Engineers offer cautious welcome to steady-as-she goes infrastructure budget

11 May 2017

Engineers Australia: With over 60,000 engineers employed in infrastructure planning and delivery in this country, we welcome the budget’s commitment to infrastructure.  We remain cautious about the value of investment in real terms as this has not shown the growth that’s needed to signal a strong commitment to expanding our national capability and returning our sector to a clear growth trajectory.

While projects like Badgery’s Creek are necessary as an overdue nation-building initiative, announcement of these mega-projects can overshadow the dwindling investment in other areas of infrastructure like roads, information technology networks and energy assets.

We remain concerned about the historical budget blurring between capital costs and ongoing operating costs of our asset base.  If we’re to get a truly honest picture of our national investment, there needs to be a full and clear discussion of lifecycle operating costs, and this applies to any capital asset investment, whether that be a bridge or a warship.

Engineers Australia believes that any investment in infrastructure is an investment in Australia’s economic future and we would have welcomed greater examination of how we can capitalise on the current low cost of project finance.  It’s never been cheaper to borrow money to invest in projects that would ultimately have a major economic multiplier effect on our economy.  We hope that we don’t lose opportunities through lack of public debate on infrastructure finance options, even if this means raising the politically fraught issue of debt financing.  Our leaders need to face this issue.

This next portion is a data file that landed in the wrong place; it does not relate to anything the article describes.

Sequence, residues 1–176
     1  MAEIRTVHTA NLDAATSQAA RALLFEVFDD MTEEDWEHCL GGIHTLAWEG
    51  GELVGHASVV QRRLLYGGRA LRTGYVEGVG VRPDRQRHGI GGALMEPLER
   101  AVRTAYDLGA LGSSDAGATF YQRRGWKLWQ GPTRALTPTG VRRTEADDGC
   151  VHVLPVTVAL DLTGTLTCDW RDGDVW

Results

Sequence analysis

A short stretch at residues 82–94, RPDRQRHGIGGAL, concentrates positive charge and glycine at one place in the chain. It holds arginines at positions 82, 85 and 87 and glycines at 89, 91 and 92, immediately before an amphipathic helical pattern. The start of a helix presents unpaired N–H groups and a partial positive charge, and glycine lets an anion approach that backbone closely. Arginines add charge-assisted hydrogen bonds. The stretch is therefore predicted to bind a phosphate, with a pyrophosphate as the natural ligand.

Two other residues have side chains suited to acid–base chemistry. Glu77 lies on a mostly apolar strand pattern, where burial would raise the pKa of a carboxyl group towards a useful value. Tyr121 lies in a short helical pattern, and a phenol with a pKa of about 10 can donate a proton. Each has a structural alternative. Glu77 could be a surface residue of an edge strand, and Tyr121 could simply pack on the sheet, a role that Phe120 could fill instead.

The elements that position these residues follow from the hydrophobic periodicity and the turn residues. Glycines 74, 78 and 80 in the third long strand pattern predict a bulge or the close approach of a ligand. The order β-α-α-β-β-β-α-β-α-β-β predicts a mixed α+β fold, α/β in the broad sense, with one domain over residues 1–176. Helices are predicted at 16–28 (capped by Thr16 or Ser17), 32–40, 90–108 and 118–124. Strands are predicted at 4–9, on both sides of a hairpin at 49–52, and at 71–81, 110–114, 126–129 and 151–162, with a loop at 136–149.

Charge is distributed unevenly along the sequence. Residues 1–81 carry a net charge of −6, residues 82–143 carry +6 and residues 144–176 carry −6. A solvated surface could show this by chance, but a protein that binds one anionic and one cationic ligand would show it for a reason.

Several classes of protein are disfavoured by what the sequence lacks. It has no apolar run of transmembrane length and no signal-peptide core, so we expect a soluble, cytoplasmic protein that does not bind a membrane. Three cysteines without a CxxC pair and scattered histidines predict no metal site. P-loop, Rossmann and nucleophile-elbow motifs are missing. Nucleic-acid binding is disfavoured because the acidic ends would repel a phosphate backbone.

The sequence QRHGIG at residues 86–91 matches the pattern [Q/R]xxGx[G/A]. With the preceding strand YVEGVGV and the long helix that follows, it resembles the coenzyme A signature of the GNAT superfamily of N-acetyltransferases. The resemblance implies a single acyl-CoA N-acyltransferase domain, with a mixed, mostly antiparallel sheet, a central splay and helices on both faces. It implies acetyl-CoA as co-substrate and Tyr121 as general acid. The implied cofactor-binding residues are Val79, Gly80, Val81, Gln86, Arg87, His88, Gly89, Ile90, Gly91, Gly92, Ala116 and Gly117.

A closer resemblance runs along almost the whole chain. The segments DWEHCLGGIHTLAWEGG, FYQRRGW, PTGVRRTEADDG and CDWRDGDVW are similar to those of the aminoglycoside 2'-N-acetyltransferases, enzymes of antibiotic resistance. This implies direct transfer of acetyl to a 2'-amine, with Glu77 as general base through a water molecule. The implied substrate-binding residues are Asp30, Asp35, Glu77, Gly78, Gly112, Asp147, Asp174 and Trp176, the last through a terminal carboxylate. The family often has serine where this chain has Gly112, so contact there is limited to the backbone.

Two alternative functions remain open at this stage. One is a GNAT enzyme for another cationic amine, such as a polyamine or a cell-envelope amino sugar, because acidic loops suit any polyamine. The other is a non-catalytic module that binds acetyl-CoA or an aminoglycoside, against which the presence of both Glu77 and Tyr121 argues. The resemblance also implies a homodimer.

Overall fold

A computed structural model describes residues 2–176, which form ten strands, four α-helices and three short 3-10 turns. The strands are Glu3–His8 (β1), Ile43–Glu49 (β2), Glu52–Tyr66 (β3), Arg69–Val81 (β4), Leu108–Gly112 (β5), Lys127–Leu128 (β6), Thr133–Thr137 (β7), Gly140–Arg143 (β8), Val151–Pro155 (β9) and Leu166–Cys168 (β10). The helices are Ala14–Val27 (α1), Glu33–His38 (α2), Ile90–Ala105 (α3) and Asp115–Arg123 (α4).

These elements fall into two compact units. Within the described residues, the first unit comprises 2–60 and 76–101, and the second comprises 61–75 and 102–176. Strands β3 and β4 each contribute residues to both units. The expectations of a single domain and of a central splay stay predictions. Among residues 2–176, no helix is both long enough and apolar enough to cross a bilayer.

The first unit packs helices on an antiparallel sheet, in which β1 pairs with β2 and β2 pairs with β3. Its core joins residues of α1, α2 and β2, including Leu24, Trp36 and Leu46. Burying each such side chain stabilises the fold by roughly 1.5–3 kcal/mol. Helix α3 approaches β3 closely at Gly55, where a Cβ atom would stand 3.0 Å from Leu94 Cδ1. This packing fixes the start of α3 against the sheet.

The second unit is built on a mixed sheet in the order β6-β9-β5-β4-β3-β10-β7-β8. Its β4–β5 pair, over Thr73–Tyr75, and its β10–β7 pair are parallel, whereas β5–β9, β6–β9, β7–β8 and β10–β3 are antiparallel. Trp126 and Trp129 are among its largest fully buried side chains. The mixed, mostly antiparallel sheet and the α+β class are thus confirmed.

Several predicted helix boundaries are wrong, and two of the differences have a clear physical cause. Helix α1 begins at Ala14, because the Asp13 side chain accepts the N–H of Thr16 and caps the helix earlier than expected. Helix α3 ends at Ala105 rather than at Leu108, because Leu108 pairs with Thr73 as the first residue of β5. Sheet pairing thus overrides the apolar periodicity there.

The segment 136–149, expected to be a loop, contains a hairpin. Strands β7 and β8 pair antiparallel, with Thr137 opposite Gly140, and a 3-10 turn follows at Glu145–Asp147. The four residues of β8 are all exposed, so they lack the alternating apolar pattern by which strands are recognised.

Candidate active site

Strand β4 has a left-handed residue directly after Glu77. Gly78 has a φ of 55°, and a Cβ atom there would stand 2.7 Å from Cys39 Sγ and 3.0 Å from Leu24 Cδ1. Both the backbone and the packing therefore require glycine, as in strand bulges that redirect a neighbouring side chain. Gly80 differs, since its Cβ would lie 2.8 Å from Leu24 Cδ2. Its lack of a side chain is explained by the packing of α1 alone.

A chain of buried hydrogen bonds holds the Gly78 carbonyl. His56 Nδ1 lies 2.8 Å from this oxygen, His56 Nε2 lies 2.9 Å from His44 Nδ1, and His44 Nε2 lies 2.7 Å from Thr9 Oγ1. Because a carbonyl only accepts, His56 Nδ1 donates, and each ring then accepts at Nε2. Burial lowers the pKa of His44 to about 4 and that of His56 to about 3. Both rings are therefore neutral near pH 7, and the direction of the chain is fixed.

From a policy point-of-view, commitments to asset recycling and the independent planning role of Infrastructure Australia are sensible and welcome.

While the budget was never going to address the detail of skilled migration policy, we are pleased that the government has shown a willingness to engage on this matter.  With 57 per cent of Australia’s engineering workforce being overseas-born, there is a strong and urgent need to make sure these policy settings meet the long-term needs of Australia’s workforce.

From an engineering perspective, we give the budget a qualified pass mark, but more investment will be needed if we’re going to meet our aspirations to transform to a high-tech, knowledge economy.




Source:  Engineers Australia -

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